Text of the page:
In a case review of almost 600 patients treated with valproic acid for manic episodes, approximately 12% of patients were older than 65 years of age. A higher percentage of these patients reported accidental injury, infection, pain, somnolence, or tremor during valproic acid therapy compared with younger patients. Discontinuance of valproic acid therapy occasionally was associated with somnolence or tremor. The manufacturer states that it is unclear whether these events indicate additional risks of drug therapy or whether they result from preexisting medical conditions or concomitant medication use in these geriatric patients.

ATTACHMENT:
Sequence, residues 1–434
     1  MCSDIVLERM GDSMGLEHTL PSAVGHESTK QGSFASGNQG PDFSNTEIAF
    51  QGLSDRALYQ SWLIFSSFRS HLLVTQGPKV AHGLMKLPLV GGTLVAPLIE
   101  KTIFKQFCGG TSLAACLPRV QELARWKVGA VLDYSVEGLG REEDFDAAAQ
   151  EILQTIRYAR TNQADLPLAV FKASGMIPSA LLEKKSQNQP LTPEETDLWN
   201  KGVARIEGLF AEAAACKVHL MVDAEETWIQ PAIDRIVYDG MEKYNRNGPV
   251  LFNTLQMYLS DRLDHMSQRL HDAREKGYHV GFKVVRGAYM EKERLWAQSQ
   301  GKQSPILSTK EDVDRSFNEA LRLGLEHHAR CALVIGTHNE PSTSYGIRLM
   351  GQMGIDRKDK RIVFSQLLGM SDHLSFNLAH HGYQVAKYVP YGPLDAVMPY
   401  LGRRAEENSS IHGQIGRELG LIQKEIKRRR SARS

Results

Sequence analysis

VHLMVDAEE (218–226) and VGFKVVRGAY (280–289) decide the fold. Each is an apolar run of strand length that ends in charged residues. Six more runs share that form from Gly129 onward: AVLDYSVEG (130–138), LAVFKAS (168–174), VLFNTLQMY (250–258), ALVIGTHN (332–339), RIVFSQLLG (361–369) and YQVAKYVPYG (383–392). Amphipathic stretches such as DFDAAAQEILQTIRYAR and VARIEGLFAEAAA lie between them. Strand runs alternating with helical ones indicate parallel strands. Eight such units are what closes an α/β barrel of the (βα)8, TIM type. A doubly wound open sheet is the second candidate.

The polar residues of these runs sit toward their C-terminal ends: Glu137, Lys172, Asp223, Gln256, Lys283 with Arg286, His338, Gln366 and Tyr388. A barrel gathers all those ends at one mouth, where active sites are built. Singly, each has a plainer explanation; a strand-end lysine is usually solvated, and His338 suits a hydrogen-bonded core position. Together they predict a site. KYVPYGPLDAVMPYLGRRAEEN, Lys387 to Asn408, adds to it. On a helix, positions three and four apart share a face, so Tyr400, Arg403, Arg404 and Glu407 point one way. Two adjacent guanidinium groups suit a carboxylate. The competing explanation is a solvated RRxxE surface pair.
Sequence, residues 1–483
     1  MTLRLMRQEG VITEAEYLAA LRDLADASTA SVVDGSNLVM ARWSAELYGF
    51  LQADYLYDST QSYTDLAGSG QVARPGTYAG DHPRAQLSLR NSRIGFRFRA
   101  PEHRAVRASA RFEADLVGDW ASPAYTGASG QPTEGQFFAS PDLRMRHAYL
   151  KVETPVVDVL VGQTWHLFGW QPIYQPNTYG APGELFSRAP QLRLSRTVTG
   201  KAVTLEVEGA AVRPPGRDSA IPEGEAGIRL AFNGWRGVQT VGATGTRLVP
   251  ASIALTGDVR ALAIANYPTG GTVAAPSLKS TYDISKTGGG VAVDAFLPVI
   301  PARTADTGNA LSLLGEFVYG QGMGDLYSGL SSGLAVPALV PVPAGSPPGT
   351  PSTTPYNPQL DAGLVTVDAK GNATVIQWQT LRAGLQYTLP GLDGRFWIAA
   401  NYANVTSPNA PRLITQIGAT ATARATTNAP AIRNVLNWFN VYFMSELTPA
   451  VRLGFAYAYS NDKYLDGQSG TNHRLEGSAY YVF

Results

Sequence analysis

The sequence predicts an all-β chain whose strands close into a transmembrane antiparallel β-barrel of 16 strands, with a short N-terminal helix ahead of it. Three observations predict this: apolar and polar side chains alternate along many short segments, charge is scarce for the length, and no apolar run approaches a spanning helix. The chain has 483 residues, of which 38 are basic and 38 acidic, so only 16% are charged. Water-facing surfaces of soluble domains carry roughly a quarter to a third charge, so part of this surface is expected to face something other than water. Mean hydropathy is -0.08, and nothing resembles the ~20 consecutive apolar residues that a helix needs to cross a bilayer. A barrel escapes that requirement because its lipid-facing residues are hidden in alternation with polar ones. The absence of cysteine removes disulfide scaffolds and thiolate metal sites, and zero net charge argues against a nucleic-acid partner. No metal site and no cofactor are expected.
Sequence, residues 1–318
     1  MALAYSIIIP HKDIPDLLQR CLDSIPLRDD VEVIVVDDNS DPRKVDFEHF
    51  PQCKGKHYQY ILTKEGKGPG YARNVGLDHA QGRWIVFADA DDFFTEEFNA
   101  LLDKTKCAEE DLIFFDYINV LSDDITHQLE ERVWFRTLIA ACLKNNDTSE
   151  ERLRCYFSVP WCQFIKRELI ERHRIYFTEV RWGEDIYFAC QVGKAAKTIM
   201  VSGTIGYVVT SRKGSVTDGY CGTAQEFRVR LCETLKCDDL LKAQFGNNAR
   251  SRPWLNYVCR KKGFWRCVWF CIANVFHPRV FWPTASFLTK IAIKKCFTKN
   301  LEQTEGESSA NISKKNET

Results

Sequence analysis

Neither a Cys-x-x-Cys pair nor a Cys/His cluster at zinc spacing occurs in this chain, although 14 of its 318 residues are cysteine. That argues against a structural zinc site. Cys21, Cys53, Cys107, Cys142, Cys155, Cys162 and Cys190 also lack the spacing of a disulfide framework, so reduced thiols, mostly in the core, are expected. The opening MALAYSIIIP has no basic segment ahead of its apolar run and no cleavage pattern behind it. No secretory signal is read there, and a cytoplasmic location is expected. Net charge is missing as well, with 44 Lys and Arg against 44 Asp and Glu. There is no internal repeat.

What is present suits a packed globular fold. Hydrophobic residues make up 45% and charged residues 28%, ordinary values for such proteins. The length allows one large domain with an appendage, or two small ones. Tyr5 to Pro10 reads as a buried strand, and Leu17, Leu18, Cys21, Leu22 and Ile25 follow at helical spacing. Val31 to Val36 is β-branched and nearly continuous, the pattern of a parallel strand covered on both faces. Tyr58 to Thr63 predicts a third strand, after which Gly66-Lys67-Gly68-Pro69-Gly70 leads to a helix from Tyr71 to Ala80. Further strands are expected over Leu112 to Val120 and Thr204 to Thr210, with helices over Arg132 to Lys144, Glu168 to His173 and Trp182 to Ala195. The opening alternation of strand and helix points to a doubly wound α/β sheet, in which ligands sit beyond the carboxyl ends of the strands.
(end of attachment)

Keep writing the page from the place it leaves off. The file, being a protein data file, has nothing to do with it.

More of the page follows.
Results of a double-blind, multicenter study of geriatric patients (mean age: 83 years) with dementia who were receiving valproic acid (125 mg daily, titrated to a target daily dosage of 20 mg/kg) indicate that the incidence of somnolence was higher in patients receiving valproic acid than in those receiving placebo and discontinuance of therapy because of somnolence was higher in those receiving valproic acid than in those receiving placebo. In about 50% of patients with somnolence, a reduced nutritional intake and weight loss also were observed. The incidence of dehydration also appeared to be higher in geriatric patients receiving valproic acid than in those receiving placebo. In the patients who experienced the mentioned adverse effects, a trend for lower baseline albumin concentration, lower valproic acid clearance, and higher BUN was observed. Therefore, it is recommended that initial dosage of valproic acid be reduced and subsequent dosages be increased more slowly in geriatric patients. In addition, the manufacturer recommends regular monitoring of fluid and nutritional intake, dehydration, somnolence, and other adverse effects in these individuals. Dosage reduction or discontinuance of valproic acid should be considered in geriatric patients with decreased food or fluid intake and in those with excessive somnolence.